Toyota has warned US dealers it faces a shortage of some replacement parts made in Japan but used worldwide for repairs and maintenance work, according to a person briefed by the company.
Production of most replacement parts resumed in Japan on 17 March, and shipments to the US resumed shortly after that, Toyota told dealers in a memo distributed on Monday, this person told the Wall Street Journal.
But the company added that it has identified 183 replacement parts that are made by suppliers that sustained significant damage to plants in Japan from the 11 March earthquake and tsunami, the memo said, according to this person. Production of these parts won’t resume for “at least 30 days,” the company said in the memo. It added that “both the number of affected parts and length of production stoppage may increase.”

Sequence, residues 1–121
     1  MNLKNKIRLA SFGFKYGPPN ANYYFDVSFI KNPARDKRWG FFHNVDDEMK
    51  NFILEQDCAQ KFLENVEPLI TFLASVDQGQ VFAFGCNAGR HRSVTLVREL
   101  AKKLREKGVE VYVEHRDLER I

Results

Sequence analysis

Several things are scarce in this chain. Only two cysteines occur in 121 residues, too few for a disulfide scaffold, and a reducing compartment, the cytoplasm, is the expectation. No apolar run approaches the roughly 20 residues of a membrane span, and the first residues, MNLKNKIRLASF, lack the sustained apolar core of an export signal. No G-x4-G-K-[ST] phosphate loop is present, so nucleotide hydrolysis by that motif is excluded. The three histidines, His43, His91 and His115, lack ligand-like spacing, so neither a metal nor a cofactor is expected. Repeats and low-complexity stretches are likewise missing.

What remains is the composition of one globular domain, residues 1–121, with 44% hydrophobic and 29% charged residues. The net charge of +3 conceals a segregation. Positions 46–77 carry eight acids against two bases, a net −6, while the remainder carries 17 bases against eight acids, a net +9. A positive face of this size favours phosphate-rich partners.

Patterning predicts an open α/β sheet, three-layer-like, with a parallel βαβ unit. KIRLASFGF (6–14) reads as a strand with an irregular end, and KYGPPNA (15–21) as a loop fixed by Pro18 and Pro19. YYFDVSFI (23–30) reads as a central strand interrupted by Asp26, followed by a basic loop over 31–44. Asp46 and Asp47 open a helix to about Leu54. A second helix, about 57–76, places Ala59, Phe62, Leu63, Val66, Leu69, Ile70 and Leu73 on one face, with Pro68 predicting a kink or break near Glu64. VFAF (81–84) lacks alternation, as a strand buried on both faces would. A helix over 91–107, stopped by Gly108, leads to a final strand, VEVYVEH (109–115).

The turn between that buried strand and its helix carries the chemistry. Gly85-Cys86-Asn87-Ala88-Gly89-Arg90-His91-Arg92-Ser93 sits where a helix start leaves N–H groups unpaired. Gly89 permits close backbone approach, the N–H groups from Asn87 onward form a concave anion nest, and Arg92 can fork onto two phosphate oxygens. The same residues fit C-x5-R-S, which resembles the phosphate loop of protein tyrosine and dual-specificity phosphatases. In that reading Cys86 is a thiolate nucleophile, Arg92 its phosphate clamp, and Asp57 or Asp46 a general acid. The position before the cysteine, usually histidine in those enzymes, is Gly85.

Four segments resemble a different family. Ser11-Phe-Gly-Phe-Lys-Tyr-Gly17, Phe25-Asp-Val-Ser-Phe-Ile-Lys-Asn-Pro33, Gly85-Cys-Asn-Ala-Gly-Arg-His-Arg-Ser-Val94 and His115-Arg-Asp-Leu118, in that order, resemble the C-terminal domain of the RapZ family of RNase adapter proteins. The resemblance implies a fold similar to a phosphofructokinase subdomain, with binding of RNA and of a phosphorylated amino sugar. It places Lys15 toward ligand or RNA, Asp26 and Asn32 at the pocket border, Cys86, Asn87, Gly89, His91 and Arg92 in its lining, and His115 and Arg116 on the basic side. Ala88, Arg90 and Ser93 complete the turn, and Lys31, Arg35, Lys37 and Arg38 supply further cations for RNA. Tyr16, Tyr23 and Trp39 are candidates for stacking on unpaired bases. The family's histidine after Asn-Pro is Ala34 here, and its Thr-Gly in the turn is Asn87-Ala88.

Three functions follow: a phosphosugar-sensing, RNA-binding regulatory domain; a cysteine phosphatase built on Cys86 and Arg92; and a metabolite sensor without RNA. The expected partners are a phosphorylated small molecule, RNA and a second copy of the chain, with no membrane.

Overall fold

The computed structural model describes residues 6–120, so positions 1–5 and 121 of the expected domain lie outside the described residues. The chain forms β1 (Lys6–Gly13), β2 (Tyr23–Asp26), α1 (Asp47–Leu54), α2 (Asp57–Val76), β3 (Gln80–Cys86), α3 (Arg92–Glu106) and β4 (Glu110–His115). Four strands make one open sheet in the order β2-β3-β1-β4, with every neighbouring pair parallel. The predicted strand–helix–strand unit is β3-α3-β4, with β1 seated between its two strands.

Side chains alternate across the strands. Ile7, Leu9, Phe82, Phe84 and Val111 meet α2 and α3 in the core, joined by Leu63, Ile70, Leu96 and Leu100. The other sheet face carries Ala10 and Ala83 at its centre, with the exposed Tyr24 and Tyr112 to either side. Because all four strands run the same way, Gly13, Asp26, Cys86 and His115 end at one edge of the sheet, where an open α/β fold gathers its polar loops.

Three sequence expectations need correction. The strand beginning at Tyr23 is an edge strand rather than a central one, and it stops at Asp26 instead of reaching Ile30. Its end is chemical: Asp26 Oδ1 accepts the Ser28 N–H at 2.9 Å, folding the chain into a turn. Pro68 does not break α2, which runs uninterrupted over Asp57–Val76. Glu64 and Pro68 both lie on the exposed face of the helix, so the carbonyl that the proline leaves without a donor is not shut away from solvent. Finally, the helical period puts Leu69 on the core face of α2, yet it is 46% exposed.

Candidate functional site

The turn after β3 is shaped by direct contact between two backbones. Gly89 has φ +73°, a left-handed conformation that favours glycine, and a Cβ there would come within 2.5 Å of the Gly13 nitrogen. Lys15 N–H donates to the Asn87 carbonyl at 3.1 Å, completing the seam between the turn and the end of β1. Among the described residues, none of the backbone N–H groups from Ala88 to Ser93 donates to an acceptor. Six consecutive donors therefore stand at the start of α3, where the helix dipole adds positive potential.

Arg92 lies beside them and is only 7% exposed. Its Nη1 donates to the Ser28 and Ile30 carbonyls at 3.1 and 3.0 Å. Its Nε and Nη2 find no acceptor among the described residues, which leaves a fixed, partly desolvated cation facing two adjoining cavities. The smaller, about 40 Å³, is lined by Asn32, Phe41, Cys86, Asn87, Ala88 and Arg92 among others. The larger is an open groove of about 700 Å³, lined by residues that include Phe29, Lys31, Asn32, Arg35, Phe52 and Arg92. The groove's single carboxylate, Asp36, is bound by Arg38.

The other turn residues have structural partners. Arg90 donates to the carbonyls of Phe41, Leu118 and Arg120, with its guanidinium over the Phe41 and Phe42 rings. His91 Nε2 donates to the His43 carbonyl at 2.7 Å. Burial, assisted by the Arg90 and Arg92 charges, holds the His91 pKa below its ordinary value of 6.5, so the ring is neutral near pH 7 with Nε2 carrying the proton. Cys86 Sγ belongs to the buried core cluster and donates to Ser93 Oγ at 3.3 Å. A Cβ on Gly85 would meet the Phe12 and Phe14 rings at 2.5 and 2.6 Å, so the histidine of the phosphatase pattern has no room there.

The parts include shock absorbers, radiator supports, fender components, tail gate hinges and oil seals.
Toyota has stocks of these parts on hand in the US and has set up a system to deliver them to dealers who need them for urgent customer repairs. But some owners of Toyota and Lexus vehicles may find they have to delay maintenance work or wait to have their cars repaired, this person told the WSJ.
One dealer familiar with the situation, Tammy Darvish, vice president of Dar-Cars Automotive Group, which owns a Toyota store and a Lexus store, said her company has started looking into backup sources for parts in anticipation for a shortage later this spring.
“It’s so new for us, we’re studying the situation and figuring out what our options would be,” Darvish told the Wall Street Journal.
She said the stoppage will likely be felt in dealers’ shops within the next 60 days or so.